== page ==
One of the debates in the House of Commons on Monday was on the subject of entitlement to NHS treatment. Frank Field asked the question 'what moves the Government intend to take to prevent the national health service becoming an international health service'. It sounds a good question as even if we have no direct knowledge of health tourism (I have) we all know that it is possible for NHS treatment to be received by those who are not entitled to it.
It is worth quoting Julian Huppert's contribution to the debate. 'The former public health Minister, Anne Milton, revealed in a written answer on 17 March 2011 that the sums not collected from overseas patients totalled less than £7 million a year. If we double that and double it again, as the Health Secretary suggests, that is £28 million. Private finance initiative schemes cost the NHS that much every two weeks. Which issue is more important in ensuring that we have a properly funded NHS?' However the principle that those who are not entitled to free NHS treatment should pay for it remains.
Dennis Skinner did not feel that we should be collecting this money. He said '...that those of a similar colour, of different colours and of different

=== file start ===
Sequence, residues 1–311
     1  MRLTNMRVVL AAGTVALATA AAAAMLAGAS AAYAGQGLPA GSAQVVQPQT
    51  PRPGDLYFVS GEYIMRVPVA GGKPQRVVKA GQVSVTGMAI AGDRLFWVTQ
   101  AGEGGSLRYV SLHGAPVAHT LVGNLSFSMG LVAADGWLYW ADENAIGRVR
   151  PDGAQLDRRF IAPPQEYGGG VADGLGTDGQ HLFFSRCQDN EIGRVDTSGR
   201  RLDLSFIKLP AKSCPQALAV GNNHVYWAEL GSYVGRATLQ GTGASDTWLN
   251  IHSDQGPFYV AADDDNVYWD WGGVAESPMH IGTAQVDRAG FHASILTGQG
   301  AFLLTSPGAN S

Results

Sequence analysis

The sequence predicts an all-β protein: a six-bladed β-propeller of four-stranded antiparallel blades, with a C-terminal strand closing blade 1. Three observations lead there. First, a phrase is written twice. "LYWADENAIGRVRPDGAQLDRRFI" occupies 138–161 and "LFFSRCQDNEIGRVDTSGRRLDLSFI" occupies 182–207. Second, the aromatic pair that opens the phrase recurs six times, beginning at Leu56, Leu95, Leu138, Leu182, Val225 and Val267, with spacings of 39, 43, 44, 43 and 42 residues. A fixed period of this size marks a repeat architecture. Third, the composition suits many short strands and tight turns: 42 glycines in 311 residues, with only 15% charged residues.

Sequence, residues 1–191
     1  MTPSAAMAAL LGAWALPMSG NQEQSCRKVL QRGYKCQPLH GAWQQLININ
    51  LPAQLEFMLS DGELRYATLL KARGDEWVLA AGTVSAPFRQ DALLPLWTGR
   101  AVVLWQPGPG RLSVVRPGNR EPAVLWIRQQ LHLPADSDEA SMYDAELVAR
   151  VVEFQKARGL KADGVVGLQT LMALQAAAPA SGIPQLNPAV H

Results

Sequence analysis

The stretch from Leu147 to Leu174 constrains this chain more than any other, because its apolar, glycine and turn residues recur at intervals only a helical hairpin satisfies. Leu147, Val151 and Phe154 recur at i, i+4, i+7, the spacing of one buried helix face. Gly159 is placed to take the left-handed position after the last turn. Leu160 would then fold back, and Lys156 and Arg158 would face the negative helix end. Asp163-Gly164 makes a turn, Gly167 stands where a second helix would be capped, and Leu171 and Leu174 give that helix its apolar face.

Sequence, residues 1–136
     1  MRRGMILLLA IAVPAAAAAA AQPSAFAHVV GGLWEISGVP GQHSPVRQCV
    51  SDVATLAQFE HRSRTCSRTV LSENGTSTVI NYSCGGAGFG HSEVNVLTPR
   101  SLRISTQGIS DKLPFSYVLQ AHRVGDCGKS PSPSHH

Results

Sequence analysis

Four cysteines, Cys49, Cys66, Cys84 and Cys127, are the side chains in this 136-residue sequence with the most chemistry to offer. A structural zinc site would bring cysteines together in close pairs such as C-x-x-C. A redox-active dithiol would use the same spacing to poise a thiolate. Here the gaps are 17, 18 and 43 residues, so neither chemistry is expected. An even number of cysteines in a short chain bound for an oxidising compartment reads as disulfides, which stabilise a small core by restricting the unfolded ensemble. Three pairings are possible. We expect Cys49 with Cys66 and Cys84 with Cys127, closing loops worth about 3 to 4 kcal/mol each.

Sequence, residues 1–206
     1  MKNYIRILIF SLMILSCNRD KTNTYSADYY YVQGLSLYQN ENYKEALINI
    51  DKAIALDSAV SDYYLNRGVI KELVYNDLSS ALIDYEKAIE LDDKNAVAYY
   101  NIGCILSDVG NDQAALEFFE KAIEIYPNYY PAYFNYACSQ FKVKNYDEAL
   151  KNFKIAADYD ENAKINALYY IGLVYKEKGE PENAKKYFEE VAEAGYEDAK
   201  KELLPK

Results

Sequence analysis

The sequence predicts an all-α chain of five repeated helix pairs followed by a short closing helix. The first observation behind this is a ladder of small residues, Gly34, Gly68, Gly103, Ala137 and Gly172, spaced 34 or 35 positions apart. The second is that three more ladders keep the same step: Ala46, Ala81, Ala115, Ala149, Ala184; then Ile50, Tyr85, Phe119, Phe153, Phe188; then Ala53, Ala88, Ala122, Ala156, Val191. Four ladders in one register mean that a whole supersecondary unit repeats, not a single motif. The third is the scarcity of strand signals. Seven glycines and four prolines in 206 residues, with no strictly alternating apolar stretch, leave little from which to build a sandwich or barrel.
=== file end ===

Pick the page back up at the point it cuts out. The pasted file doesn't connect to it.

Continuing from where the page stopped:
nationalities can change the bed sheets and operate, but woe betide them
if they want to put their head on a pillow when they are ill. What
hypocrisy.' Dennis obviously supports multiculturalism, as I do, but he has missed the point in this debate. It isn't about race and it isn't hypocritical to support multiculturalism and oppose health tourism.
I also noticed comments on the same subject which were made on Facebook. Here's one that quotes Jeremy Hunt. ' "We need to deal with all those issues, and they are all failures of the last Government." ' but then goes on to add 'they must think we're stupid to keep coming out with that tired old line. Gutless shirkers of responsibility.' Well I am not a Jeremy Hunt supporter but he is right, and it is a strange comment considering that the government is now acting in order to prevent shirking of responsibility.
There are many other comments that deserve a mention. 'Well said Mr Skinner, defiance is all that counts now!' I hope the person who made the comment (and Dennis) can understand that there should be some restraints on those who receive NHS treatment. After all, even those who are entitled are often denied for many reasons that are underscored by finance. However there is a problem if Dennis Skinner's supporters recognise misguided arguments as a reason for unbridled defiance.
Nye Bevan was also quoted in the Facebook comments. "The
collective principle asserts that... no society can legitimately call
itself civilised if a sick person is denied medical aid because of lack
of means." Well Nye talks about societies in the plural. I expect that even he knew that societies would have to come to arrangements between themselves.
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